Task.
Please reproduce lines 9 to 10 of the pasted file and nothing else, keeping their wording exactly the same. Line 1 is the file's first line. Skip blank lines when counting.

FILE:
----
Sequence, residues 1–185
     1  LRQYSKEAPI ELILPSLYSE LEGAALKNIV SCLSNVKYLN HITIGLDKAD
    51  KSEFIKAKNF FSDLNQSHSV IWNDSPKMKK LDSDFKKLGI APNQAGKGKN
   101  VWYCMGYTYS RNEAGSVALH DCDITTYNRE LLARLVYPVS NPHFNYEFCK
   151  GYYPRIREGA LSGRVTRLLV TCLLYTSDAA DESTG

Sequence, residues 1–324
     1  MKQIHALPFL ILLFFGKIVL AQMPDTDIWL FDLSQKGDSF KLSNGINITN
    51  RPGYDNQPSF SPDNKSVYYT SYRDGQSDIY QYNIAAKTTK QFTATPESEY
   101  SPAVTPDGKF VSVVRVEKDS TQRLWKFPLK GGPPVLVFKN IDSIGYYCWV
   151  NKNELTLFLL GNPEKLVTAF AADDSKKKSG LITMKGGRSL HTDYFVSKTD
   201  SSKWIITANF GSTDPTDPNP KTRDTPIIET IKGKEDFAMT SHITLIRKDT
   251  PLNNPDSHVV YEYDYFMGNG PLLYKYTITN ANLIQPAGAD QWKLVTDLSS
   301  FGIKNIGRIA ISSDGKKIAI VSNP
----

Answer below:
   101  SPAVTPDGKF VSVVRVEKDS TQRLWKFPLK GGPPVLVFKN IDSIGYYCWV
   151  NKNELTLFLL GNPEKLVTAF AADDSKKKSG LITMKGGRSL HTDYFVSKTD